It seems that Jonah is more or less comfortable with doing stuff and going places again. He still has control issues (e.g. "Not those pants; I need blue pants!!!" or his main complaint: "No, mommy! I need daddy do it!"), but those have more to do with being a toddler than being under stress.

I will be home with him during the next four weeks before I return to work mid-March. Then Tim and I will take turns working and watching him again, picking up where we left off before I went on maternity leave.

Jonah has been so sweet when he has seen me get emotional. He hugs me and tries to console me. But I have been reluctant to get emotional around him too often, because I know it confuses him and makes him feel like things are out of control. I do believe, however, that it's not healthy to shield children from real emotions either, so at this stage, it's all about a healthy balance.

When he doesn't freak about about things not being just the way he wants them (remember the Terrible Two's or Freud's anal stage), he is a real sweetheart. Very affectionate and fun to be around.

Sunday, February 17, 2008

musings on Amalia's death - part I

It's strange to be thrust into a whole different reality - a place where time moves differently and things appear dream-like. I had never watched a person die before. After losing a baby, I suddenly feel oddly connected to a whole league of women who have lost their children, whether in a war, poverty or surrounded by first-world machines and medicine potions.

I have always feared hospitals and mistrusted doctors. Amalia's birth forced me into an environment which I expected to fight with every fiber of my being. But I had no energy to fight. I had to trust and accept what was before me.

The most interesting part of this tragedy has been my surprise at not experiencing the fear I had anticipated to feel. I was terrified of watching my baby suffer, of watching her die. I was afraid that through my empathetic connection, I would take on her physical struggle; that the panic attacks I experienced at age ten after the death of my paternal grandmother would return or that I would suffer cardiac arrest. (The connection between her and me, after all, had been and continues to be, predominantly physical.) I was horrified that I would be unable to sleep or too scared awake alone at night. I was more afraid of being afraid than I actually have been afraid throughout this experience.

Saturday, February 16, 2008


My sister was here for a few days last week. She went up to the hospital to be with and sing to Amalia with me every day. I am so glad she got to meet her and be with us during the most difficult time.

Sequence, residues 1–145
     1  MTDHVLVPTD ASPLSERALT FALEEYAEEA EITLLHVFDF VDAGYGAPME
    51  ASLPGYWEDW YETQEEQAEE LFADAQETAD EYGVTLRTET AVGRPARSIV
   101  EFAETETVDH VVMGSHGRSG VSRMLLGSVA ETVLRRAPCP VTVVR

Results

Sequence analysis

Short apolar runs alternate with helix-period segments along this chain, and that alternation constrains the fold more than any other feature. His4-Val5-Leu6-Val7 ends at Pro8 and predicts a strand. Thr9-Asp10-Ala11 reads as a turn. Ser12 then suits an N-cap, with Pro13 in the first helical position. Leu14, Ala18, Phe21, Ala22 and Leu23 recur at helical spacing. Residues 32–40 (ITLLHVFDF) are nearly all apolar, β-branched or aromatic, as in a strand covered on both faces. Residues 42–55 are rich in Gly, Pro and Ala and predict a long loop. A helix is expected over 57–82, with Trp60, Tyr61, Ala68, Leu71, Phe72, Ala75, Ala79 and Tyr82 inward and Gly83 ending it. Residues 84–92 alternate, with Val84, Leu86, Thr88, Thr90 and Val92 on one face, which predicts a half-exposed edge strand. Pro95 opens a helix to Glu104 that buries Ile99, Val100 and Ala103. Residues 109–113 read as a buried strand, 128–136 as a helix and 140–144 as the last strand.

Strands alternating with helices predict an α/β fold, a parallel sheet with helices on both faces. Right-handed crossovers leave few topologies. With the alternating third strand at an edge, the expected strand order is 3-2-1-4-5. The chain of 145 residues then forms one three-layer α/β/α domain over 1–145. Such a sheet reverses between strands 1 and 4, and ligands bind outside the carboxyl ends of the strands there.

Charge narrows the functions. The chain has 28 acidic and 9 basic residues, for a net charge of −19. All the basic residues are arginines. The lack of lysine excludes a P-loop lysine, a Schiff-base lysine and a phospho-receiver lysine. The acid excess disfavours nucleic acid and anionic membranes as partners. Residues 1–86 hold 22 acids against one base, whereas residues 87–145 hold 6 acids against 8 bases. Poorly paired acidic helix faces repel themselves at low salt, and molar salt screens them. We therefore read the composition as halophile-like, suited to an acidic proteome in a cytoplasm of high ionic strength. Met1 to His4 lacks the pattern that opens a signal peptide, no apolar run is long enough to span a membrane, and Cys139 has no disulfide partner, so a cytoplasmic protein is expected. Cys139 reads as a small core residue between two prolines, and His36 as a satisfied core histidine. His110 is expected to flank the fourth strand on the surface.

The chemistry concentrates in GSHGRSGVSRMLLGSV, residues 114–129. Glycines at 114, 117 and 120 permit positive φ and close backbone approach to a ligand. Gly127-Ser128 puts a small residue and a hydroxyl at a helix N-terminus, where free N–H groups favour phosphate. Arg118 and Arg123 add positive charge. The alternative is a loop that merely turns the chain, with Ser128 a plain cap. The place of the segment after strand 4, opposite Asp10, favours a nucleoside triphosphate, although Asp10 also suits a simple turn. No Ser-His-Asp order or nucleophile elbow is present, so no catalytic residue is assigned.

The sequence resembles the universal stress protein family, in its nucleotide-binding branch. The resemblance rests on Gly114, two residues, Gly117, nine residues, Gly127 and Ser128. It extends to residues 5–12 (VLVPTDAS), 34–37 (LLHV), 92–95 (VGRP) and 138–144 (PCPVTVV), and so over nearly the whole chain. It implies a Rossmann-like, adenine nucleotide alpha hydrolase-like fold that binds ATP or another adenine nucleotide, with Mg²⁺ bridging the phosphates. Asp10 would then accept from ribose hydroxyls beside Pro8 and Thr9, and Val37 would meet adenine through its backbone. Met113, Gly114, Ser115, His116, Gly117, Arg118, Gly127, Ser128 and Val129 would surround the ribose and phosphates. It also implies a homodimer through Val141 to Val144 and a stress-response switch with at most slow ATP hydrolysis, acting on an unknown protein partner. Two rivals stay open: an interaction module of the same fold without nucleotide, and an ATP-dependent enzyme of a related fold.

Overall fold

Only a handful of people got to meet Amalia: Tim's brother Andy, his wife Jenni, my sister Marta, and our friend Mike. I am glad they did. It feels significant to have had witnesses of Amalia's short life with us.
Tim's parents have also been visiting this week. Their presence is so comforting. I am truly grateful for the sense of family I feel with Tim's relatives. Since my family is so small, scattered, and distant both physically and often emotionally, I feel lucky to have the love of Tim's family.

Thursday, February 14, 2008

mixed emotions

As difficult and surreal as this time is, I find laughter important and healing. My emotions have been mixed: profound sadness, confusion about what happened and why, a sense of relief - a mixed bag as any process of grieving is, I imagine.

Here is a video that makes me laugh. Lorraine is my new favorite sketch comedy character. This clip is pretty perfect for Valentine's Day: some people and romance just don't mix.

Happy Valentine's Day!

... and thank you so much for all your words of support, food, flowers, cards... all of it means a lot. It feels good to be surrounded by your love.

Wednesday, February 13, 2008

those wacky Czechs

Once in a while I download a youtube video for Jonah to watch. There are lots of great Czech cartoons for kids that I grew up watching on the internet. Some of them don't rely on language at all so Jonah can follow without knowing much Czech.

One of my favorite series is one called A je to! which means And It's Done! It's claymation of two guys who are friends and have a passion for building and fixing things and for inventing all kinds of crazy contraptions to do the most mundane tasks.

Here is one great episode entitled Tapety or Wallpaper. Note the bachelor lunch the main claymation hero is eager to eat is canned goulash. What a typical Czech.

Instead of this episode, I first downloaded another. I didn't realize it was one about winemaking. Well, it's European, I thought. So why wouldn't they make a claymation episode for kids about winemaking. But the more we watched, the more psychedelic the episode got. At the end, the two protagonists got so trashed, their vision tripled. I could not explain that one. Those wacky Czechs! You see for yourselves:

Monday, February 11, 2008

resemblance? what do you think?

Here is Amalia next to Jonah when he was one-month-old. Look at the striking resemblance:

two and a half

Jonah is two-and-a-half-years old today. Right smack in the middle of his Terrible Two's. Oh, we love him so.


After eight days of struggle in this world, our little girl Amalia died in our arms last Saturday. She will always be in our hearts.

Tuesday, February 05, 2008

holding Amalia

As many of you already know, our daughter Amalia was born on February 1st. She had to be whisked to intensive care, because she was having trouble breathing. She is still there and we are hoping she keeps making good progress.

Today I got to hold her for the first time since the moment of birth. What a lovely feeling!

Please keep her in your thoughts.